Wednesday, January 22, 2014

The For Real Life Reality Show

When our son, Owen, was little, he used to ask my husband and me, "For real life?" when what he actually (really) meant was, "Really?".

I'm less than a tweet's worth of characters into this and already I need to correct myself. I should have referred to our son as "younger". It feels less than accurate to have called him "little". He did not come sized according to age, at least not until he grew from babyhood, to childhood, to closer to adulthood. At his early pediatric visits he was nearly off-the-charts long. Yes, long, because he could not yet stand up. Remember that, people with kids? There was a time when they could not stand up. 

"For real life" became part of our language. Every time we went to say "really", whether asking a question or making a statement, we said it that way...for real life. We still do, as a matter of fact. Furthermore, we say other strange things that people outside of our table-for-three might not get.  Things such as, "I'll see you in, like, sixteen or fifteen minutes." Even if what we for real life mean is, "I'll be back in two hours." There are more of these uttered-long-ago expressions, but I'm sure you get the point. We say them because, well, you know. You can't freeze them--those kids--in time, so you bring some bits of time with you. 

I often wish I had a better handle on gauging just how much time has passed. If something happened two weeks ago, it likely feels more like two days or two years. An event that left its mark decades ago might just as easily have taken place yesterday or in, say, the "sixteen or fifteen" hundreds. I'm only guided by the fact that I wasn't born in the seventeenth or sixteenth centuries and can, therefore, narrow down the time frame slightly.

Recently, I thought about Owen's audition for the first American season of X Factor. Rather than getting it wrong, I just looked back through the archives (that sounds so serious, when all I meant was my archived blog posts) to see when it had taken place. It was just about three years ago. Strangely enough, I probably would have guessed that. But, it would have taken me awhile to get through all of the personal signposts to arrive there logically.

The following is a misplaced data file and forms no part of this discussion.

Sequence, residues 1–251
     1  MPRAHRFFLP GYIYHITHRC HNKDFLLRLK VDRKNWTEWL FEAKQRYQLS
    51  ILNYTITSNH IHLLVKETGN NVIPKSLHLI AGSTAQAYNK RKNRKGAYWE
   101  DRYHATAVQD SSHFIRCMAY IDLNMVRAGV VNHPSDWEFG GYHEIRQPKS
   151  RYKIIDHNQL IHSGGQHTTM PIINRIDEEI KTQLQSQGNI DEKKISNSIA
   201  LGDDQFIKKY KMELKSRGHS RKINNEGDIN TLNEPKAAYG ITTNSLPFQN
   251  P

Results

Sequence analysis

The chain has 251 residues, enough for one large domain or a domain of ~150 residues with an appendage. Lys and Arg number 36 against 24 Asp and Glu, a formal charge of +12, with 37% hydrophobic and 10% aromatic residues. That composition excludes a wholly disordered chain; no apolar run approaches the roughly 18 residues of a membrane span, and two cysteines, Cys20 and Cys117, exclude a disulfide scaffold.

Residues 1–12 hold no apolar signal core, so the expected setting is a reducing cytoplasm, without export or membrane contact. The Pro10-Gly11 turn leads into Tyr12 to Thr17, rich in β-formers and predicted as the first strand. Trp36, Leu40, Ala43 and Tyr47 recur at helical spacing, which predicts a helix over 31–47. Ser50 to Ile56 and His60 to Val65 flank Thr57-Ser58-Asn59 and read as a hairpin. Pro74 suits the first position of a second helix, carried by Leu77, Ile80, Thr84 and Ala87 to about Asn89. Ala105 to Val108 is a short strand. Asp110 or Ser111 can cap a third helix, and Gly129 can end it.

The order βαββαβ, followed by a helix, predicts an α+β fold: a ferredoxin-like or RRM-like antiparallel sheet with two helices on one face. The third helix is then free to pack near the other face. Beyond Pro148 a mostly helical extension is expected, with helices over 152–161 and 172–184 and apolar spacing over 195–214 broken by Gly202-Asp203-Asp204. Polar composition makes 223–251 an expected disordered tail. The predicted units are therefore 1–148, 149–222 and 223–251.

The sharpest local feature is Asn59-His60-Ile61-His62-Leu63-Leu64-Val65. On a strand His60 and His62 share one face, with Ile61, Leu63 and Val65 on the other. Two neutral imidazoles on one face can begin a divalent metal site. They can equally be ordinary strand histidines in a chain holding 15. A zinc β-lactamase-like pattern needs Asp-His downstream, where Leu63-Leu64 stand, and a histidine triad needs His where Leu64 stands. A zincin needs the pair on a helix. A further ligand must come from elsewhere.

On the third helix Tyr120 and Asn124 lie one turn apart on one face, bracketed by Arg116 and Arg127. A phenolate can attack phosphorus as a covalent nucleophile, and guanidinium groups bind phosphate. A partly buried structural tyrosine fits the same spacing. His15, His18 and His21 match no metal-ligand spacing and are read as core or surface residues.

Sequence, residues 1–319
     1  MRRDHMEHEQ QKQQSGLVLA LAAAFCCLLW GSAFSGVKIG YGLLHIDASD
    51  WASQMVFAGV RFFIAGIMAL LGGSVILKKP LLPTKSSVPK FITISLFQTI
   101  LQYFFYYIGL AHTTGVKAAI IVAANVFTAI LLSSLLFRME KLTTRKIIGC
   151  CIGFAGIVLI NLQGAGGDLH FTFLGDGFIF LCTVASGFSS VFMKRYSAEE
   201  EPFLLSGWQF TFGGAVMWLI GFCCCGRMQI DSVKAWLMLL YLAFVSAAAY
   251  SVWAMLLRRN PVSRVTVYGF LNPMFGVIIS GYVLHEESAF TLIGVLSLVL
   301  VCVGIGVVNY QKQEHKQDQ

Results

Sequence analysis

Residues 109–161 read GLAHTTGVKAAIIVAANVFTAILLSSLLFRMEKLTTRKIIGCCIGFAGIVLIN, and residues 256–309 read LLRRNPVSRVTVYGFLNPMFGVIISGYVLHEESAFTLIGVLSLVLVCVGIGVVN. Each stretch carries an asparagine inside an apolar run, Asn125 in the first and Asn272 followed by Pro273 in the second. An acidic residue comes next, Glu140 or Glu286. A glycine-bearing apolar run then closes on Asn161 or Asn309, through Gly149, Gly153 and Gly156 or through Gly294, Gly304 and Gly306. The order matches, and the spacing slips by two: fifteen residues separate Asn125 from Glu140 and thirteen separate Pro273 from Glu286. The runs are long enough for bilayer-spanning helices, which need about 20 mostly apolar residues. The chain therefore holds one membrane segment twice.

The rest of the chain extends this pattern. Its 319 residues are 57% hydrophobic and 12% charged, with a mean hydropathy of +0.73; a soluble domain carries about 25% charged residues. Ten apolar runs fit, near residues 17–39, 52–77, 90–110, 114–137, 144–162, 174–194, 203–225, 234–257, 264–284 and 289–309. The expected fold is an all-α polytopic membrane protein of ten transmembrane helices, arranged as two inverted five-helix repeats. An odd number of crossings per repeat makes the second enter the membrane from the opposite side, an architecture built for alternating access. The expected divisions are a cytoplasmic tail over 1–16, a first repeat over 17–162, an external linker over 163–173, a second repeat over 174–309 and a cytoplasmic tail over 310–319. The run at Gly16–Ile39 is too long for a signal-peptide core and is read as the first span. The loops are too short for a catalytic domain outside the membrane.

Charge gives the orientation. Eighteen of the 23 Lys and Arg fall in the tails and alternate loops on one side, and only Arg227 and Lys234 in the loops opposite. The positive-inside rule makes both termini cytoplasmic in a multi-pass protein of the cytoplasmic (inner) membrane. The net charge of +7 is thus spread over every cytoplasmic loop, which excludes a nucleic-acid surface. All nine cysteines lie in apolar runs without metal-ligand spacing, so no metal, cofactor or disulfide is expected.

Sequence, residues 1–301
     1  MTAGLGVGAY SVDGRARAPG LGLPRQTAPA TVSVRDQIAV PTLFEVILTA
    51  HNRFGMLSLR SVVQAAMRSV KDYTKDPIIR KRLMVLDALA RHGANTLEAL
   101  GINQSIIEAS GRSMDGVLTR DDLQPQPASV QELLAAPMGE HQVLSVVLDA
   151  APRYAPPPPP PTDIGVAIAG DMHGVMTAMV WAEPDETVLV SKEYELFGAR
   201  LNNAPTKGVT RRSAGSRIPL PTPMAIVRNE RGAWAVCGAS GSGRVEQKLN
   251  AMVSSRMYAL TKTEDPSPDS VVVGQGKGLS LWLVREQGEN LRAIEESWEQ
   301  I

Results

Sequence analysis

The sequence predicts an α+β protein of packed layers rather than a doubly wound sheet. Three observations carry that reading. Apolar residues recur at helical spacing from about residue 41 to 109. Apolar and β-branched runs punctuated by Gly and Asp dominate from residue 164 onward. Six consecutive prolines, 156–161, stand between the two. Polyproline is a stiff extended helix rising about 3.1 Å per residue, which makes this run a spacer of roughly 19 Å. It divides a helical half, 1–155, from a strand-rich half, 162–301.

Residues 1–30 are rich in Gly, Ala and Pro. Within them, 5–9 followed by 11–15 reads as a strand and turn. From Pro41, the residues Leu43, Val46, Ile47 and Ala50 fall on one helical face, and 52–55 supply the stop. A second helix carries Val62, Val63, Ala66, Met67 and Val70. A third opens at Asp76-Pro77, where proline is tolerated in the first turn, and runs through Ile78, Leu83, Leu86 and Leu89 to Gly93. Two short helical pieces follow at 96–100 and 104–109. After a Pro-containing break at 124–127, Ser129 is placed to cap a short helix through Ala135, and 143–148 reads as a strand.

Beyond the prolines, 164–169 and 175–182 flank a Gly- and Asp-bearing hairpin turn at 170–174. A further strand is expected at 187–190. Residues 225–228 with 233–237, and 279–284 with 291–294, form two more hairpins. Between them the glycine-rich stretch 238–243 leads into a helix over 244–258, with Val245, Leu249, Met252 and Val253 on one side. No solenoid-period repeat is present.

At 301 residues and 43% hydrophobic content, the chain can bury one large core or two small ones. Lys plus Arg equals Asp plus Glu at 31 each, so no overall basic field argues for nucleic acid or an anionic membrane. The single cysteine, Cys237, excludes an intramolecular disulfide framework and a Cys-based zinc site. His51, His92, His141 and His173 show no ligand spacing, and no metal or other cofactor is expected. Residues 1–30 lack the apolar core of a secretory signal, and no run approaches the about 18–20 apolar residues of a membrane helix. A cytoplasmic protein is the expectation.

The X Factor was not a random thought. I recalled waking before dawn (way before), driving to the Los Angeles Sports Arena on a Saturday morning, standing in the parking lot for hours, anticipating what? Fame and fortune? No. Of course not. We were waiting for instructions on what to do the next day, which was hardly any different from the first day, other than the eventual singing for a cranky judge at 6:00 p.m. and getting sent home. Dumb reality show. We celebrated by taking off on Monday morning for New York, semi-spur-of-the-moment, to see an eighty-six year old woman sing her ass off at The Regency Hotel. My husband's mother, my mother-in-law, our son's grandmother. She showed us how it was done. We didn't mind waking up before dawn that day to surprise her.

So, here is why the X Factor thought was not random. It came to mind a little over two months ago.

At 4:30 a.m. on a Friday in November, I dragged our just-turned-eighteen year old son out of bed. Truth be told, I had to drag myself a bit, too. We left for the airport and hopped a plane to New York. My husband was already there. He had been gone for ten days already, and I was happy he stayed and waited for us. I had booked the early flight so that we could arrive before dinner time. Owen had the equivalent of room service (restaurant delivery) in the New York apartment where we were staying. My husband and I walked along Central Park South until we found an amazing restaurant.

Two days later, on Sunday, our son went through a four hour audition process for college. We flew home the next day. Eighty-four hours later, he and I were on another plane. Another pre-dawn, drag out of bed experience. We flew to Boston. I went to dinner with my best friend from college. Owen ordered for real life room service. He had a hard time deciding what to get, so I told him just to get everything he felt like. That included lox and bagels, garlic naan, a multi-colored pepper soup, a smoothie, and a Diet Coke. I tweeted, "Eloise is my role model". I wasn't kidding. On Sunday, our son went through another four hour audition process for college.

This... this... is the for real life reality show.

Season Two, by the way, will be coming to you from New York.

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